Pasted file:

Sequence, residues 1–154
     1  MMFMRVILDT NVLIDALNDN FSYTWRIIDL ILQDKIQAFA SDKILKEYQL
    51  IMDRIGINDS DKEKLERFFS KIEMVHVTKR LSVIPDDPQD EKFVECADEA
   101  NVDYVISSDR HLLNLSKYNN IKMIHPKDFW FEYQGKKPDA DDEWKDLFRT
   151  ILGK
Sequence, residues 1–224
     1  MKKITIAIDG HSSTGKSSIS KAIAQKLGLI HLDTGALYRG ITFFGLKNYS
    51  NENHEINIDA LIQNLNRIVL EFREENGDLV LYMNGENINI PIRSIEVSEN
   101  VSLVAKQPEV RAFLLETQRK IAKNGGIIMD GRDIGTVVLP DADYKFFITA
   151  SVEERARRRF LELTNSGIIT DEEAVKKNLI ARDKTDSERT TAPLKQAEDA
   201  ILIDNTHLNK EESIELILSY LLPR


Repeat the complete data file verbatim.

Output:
Sequence, residues 1–154
     1  MMFMRVILDT NVLIDALNDN FSYTWRIIDL ILQDKIQAFA SDKILKEYQL
    51  IMDRIGINDS DKEKLERFFS KIEMVHVTKR LSVIPDDPQD EKFVECADEA
   101  NVDYVISSDR HLLNLSKYNN IKMIHPKDFW FEYQGKKPDA DDEWKDLFRT
   151  ILGK
Sequence, residues 1–224
     1  MKKITIAIDG HSSTGKSSIS KAIAQKLGLI HLDTGALYRG ITFFGLKNYS
    51  NENHEINIDA LIQNLNRIVL EFREENGDLV LYMNGENINI PIRSIEVSEN
   101  VSLVAKQPEV RAFLLETQRK IAKNGGIIMD GRDIGTVVLP DADYKFFITA
   151  SVEERARRRF LELTNSGIIT DEEAVKKNLI ARDKTDSERT TAPLKQAEDA
   201  ILIDNTHLNK EESIELILSY LLPR